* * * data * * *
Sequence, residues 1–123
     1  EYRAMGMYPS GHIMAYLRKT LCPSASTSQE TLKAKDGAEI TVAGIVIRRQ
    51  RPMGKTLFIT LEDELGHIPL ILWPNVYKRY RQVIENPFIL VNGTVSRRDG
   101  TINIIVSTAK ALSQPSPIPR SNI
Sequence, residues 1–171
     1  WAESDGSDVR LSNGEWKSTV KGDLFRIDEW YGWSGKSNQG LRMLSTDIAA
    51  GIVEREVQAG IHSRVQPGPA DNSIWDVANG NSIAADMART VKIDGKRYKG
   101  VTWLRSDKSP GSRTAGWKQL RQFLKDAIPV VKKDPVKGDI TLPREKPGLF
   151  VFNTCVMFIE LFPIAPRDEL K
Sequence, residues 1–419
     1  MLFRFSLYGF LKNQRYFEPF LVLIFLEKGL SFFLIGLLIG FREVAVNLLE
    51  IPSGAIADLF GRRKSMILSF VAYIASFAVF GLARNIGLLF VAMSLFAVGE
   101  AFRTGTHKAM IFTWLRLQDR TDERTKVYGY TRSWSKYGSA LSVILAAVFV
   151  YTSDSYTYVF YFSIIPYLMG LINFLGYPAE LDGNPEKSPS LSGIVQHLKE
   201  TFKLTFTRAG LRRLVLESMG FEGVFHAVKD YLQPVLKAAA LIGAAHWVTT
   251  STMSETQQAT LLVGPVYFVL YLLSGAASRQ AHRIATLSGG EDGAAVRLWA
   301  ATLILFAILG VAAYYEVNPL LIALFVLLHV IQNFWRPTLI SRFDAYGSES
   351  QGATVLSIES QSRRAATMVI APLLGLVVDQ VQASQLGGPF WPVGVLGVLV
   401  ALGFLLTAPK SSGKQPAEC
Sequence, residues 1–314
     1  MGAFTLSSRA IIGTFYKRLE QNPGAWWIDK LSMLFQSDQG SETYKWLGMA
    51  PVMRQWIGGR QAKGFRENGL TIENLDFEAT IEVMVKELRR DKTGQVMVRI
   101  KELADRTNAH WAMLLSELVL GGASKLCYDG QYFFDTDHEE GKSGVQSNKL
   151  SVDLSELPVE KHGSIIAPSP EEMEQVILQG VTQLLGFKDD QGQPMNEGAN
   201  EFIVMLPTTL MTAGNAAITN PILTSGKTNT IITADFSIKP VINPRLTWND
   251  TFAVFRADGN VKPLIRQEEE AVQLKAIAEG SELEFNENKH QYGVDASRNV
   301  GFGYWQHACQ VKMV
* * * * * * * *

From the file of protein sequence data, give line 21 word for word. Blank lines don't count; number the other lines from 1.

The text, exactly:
     1  MGAFTLSSRA IIGTFYKRLE QNPGAWWIDK LSMLFQSDQG SETYKWLGMA